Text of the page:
Embracing Dysfunction

January 9, 2012

in Life Lessons

 

Last night, with my bluetooth in my ear, I was upstairs multi-tasking. Talking to The Boyfriend as he drove home from a visit to see his children, applying make-up, and flipping laundry; I was a flurry of activity as I prepared to go out for the evening.

Downstairs I heard the kids laughing, while playing with our dog and the person who would be watching them while I was out with friends. As voices carried upstairs I could hear the three of them making plans for what they would do while “mommy was out.”

After ending the call with The Boyfriend, I joined the group on the main floor, asking the three of them what they wanted for dinner. Once a consensus was reached, I started to heat it up for everyone before AC arrived to pick me up for our girls’ night out.

When I returned from dinner out with friends, the kitchen was cleaned up from dinner, both kids had bathed, Monkey was asleep, and Princess Daisy was heading upstairs for the evening. Everyone had a fun time at home while I was able to spend some quality time with two special friends.

The only thing out of the ordinary in this story is that I didn’t reach for my wallet to pay the sitter as he left. Because he isn’t a sitter. He’s the kids’ father and my ex-husband.

Talking about my childcare arrangements when I left the house for the evening, I commented to AC, “We are so functional in our relationship as ex-spouses that we are actually dysfunctional.”

Dysfunctionaladjective

Not operating normally or properly.

We work together in a company we founded 12 years ago, successfully co-parent, are friends, and help each other when needed. We are an atypical divorced couple.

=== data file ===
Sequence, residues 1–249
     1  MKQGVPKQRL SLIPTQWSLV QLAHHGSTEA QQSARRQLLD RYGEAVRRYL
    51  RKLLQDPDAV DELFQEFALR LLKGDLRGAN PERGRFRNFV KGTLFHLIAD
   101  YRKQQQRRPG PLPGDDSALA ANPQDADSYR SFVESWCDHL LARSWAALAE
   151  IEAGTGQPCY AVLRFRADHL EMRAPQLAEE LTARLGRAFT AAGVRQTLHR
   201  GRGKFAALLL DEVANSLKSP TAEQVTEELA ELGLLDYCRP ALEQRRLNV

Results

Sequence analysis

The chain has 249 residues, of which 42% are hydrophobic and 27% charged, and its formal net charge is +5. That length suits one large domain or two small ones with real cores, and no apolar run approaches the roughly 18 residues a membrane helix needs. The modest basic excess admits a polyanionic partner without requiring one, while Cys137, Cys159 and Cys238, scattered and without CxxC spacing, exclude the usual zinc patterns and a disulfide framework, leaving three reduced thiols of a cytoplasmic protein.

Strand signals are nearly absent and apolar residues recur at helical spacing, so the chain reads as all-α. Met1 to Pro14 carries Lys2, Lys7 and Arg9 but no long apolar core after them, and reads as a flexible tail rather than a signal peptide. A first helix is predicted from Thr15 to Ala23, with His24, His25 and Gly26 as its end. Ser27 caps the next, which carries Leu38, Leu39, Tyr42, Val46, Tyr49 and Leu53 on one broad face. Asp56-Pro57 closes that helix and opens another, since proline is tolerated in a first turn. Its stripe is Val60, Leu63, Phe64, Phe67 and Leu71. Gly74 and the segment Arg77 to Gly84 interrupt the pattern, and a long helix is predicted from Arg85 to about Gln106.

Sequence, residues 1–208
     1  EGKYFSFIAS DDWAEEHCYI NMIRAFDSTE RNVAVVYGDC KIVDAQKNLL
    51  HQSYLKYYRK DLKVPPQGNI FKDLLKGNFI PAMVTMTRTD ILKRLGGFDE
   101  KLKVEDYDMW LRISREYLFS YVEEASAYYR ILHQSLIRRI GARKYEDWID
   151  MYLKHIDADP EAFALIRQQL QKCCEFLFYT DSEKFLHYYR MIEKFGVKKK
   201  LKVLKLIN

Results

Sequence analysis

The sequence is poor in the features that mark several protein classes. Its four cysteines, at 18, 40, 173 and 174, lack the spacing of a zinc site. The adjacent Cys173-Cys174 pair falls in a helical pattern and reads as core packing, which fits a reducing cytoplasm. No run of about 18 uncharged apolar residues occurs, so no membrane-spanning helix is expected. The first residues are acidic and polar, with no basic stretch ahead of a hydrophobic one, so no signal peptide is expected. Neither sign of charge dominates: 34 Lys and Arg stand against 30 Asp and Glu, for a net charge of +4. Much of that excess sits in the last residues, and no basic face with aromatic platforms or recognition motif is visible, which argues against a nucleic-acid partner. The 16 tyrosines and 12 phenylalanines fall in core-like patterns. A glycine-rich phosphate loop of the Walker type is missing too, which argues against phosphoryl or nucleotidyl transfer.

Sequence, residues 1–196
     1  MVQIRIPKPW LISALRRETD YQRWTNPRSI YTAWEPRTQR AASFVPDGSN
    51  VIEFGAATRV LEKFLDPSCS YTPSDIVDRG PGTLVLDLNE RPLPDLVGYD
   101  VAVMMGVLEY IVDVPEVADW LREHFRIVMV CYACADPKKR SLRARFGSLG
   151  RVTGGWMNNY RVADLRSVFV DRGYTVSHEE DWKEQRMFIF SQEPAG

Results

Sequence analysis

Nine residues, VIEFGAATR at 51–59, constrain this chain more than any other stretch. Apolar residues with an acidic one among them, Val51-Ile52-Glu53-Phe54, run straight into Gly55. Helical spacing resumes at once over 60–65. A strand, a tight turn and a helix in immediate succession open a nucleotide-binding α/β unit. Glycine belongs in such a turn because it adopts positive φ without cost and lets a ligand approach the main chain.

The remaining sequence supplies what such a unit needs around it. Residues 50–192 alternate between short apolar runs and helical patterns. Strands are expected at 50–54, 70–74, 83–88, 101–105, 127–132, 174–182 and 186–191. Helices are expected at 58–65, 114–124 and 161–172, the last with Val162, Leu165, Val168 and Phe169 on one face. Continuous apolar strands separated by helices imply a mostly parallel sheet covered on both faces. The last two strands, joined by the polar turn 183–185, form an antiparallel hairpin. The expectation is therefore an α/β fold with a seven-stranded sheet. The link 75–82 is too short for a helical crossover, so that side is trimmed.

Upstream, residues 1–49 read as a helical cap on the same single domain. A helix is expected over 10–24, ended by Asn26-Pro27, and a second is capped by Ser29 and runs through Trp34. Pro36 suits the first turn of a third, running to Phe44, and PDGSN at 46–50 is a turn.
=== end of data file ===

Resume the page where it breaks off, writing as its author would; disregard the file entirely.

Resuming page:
It hasn’t always been a great relationship. It was strained in the beginning of the separation. There were fights and disappointment during the divorce negotiation. What remained constant during our negotiations in 2009 was our ability to step away, calm down, and try again. There was no irreparable harm during the process as a result.

Part of redefining our relationship was also working on forgiveness. The only way we were able to do this was to focus on looking forward instead of fixating on what was behind us.

Letting go of the difficulties in our past was challenging, but it has also been rewarding. It brought about inner peace, happiness, and greater depth of connection with those in my life.

“Some of us think holding on makes us strong; but sometimes it is letting go.”
- Hermann Hesse

Letting go, moving forward, and redefining life and relationships as I go. It’s progress.

And, in my case, dysfunction I am happy to embrace.

{ 14 comments… read them below or add one }

Lance January 9, 2012 at 9:02 am

Maybe it’s my anxiety disorder, maybe it’s being divorced and remarred, or maybe I’m just insane; but I kind of embrace dysfunction.

I can’t explain how I work. I also can;t explain how my wife and kids and our relationships work. But we work.

I think dysfunction is interesting and sexy.
Lance recently posted..House of CardsMy Profile

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Naked Girl in a Dress January 9, 2012 at 9:07 am

Lance,

There’s a great post title: Dysfunction is Sexy

Life is more interesting when it is outside the defined norm for society.

Glad you also embrace it!

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Random Girl January 9, 2012 at 9:30 am